Museum Moment: The First U.S. Senior Open Champion

Jul 29, 2010

By Robert Alvarez

This week the golf world turns its eyes to the Pacific Northwest, home of Sahalee Country Club and the 2010 U.S. Senior Open Championship. Located near Seattle, the 400-acre, 27-hole complex is perched on a plateau east of Lake Sammamish. Sahalee means “high heavenly ground” in the native Chinookan language.

This year marks the 30th anniversary of the U.S. Senior Open. The Senior Open was established to give professionals and amateurs 55 years and older (now 50) a chance to compete for a national championship. Today, the championship is a showcase for some of the most talented and seasoned players in the world, many of whom still hold their own against younger competition, as best illustrated by the outstanding performances of Greg Norman and Tom Watson in the 2008 and 2009 British Open Championships, respectively.

The first U.S. Senior Open Championship was held in late June of 1980 at Winged Foot Golf Club’s East Course, in Mamaroneck, N.Y. The USGA received 631 applications, including ones from former U.S. Open champions Lew Worsham, Julius Boros, Ed Furgol, Jack Fleck and Tommy Bolt. The first Senior Open was for players 55 and older; the age minimum was lowered to 50 for the 1981 championship and has been in place ever since.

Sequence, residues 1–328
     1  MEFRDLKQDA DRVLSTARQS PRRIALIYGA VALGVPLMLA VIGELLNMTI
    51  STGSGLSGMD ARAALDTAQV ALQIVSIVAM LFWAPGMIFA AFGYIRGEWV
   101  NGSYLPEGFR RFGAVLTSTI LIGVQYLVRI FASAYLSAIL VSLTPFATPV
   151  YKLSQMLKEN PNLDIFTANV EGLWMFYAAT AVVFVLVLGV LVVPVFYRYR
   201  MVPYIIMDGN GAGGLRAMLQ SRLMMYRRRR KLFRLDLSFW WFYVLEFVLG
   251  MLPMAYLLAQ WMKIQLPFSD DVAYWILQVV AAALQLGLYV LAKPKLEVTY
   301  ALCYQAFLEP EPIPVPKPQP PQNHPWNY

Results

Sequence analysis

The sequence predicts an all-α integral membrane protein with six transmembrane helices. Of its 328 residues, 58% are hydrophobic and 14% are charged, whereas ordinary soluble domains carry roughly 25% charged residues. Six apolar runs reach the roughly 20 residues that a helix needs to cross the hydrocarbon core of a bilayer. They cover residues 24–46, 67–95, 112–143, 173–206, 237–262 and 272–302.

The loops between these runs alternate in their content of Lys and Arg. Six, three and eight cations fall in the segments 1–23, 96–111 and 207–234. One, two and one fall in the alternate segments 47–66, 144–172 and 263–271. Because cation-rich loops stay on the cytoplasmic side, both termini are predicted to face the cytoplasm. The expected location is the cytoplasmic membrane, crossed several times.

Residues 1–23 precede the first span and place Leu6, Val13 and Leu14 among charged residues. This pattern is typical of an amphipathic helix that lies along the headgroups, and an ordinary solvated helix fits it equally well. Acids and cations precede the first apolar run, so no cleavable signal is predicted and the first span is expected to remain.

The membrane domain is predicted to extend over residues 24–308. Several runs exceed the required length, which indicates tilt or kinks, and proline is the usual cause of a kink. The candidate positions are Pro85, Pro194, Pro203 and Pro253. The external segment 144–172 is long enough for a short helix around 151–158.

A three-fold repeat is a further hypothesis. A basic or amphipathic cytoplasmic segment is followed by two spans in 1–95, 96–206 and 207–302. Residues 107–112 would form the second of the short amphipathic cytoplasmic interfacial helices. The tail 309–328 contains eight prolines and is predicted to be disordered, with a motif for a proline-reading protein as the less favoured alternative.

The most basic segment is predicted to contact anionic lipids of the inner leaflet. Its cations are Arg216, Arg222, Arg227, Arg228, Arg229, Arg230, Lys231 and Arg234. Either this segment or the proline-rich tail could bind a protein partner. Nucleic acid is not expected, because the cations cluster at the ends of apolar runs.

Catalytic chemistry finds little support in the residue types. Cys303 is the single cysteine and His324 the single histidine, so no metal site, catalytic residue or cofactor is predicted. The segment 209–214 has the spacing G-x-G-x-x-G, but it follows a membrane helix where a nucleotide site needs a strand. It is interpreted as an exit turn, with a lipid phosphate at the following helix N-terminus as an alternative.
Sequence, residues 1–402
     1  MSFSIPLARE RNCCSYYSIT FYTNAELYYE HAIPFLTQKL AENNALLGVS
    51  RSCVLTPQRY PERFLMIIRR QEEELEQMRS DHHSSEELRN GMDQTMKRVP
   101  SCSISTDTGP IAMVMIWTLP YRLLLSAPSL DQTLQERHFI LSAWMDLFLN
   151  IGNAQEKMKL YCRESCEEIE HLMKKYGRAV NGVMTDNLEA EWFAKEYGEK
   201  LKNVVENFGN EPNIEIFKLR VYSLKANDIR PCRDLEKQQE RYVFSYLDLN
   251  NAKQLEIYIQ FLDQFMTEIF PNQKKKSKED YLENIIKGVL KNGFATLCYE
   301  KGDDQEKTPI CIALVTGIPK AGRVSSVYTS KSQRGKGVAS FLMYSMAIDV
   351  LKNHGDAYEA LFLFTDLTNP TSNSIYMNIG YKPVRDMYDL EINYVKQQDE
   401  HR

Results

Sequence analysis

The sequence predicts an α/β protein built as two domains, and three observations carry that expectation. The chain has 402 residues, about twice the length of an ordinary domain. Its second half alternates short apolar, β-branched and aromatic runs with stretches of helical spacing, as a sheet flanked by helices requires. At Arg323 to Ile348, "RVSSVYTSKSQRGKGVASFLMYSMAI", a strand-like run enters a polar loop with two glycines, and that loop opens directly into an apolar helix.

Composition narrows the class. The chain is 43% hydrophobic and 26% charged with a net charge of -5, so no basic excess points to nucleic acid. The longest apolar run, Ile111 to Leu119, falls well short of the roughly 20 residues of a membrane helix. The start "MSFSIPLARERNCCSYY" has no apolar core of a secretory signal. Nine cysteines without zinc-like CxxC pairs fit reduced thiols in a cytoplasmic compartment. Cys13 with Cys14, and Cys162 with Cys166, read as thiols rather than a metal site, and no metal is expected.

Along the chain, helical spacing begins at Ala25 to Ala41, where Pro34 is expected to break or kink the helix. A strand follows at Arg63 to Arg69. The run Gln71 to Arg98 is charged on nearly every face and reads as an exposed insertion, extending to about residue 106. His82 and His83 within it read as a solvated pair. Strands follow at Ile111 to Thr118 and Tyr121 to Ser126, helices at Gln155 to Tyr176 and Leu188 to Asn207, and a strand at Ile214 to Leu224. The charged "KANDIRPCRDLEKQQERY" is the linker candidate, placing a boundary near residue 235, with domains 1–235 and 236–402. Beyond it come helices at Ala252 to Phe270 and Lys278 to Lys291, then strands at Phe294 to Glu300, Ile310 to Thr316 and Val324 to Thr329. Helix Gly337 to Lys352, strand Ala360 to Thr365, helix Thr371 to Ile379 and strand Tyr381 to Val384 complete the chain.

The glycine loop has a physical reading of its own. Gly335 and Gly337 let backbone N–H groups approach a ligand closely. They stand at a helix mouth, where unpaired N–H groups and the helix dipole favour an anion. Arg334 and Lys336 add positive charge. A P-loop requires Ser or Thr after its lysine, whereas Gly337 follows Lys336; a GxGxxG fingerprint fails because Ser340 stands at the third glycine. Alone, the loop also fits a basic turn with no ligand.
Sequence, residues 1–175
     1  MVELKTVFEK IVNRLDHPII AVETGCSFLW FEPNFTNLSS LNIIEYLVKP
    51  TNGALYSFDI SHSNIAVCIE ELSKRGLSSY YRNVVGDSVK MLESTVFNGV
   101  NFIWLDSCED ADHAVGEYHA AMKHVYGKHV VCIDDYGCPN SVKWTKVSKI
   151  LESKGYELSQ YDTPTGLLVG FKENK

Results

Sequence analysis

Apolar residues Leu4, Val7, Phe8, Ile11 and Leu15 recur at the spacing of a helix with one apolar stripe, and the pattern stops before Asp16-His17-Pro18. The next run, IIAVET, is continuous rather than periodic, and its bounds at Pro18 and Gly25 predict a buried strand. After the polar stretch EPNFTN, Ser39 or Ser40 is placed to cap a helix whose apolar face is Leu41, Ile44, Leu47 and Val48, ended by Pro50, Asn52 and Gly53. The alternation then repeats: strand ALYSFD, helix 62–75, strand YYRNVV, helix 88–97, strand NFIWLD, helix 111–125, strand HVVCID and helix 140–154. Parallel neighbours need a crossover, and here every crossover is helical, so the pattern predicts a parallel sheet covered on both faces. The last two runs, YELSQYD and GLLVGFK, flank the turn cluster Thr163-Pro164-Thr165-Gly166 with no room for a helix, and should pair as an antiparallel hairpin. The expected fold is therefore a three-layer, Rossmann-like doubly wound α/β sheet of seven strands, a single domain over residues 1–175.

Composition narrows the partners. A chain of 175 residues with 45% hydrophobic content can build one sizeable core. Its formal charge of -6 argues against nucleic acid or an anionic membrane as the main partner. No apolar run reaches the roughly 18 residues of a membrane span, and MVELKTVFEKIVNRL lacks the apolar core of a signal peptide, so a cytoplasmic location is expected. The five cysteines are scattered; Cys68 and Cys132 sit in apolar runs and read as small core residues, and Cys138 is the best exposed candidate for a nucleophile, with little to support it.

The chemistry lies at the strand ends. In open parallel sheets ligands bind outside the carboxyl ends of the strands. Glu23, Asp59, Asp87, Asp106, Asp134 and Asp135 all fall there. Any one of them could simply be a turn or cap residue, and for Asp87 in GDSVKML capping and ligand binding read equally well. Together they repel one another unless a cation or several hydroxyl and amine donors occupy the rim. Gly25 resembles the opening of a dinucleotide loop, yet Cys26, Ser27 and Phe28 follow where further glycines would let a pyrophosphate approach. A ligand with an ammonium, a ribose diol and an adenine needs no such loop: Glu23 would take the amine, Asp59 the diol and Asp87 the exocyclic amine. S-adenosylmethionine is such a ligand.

Argentina native Roberto De Vicenzo, then 57, won the first championship, posting a one-over-par 285, four shots clear of William Campbell, then a vice president (and future president) of the USGA, who also was the 1964 U.S. Amateur champion and the 1979 USGA Senior Amateur champion.
De Vicenzo, one of the great international players of the era, came from humble beginnings. Born in 1923, he learned the game as a caddie’s assistant and turned professional at age 15. He won his first of nine Argentine Opens six years later, and by the time he retired from competitive golf, he had claimed more than 100 international victories, including six on the PGA Tour, and the 1967 British Open Championship.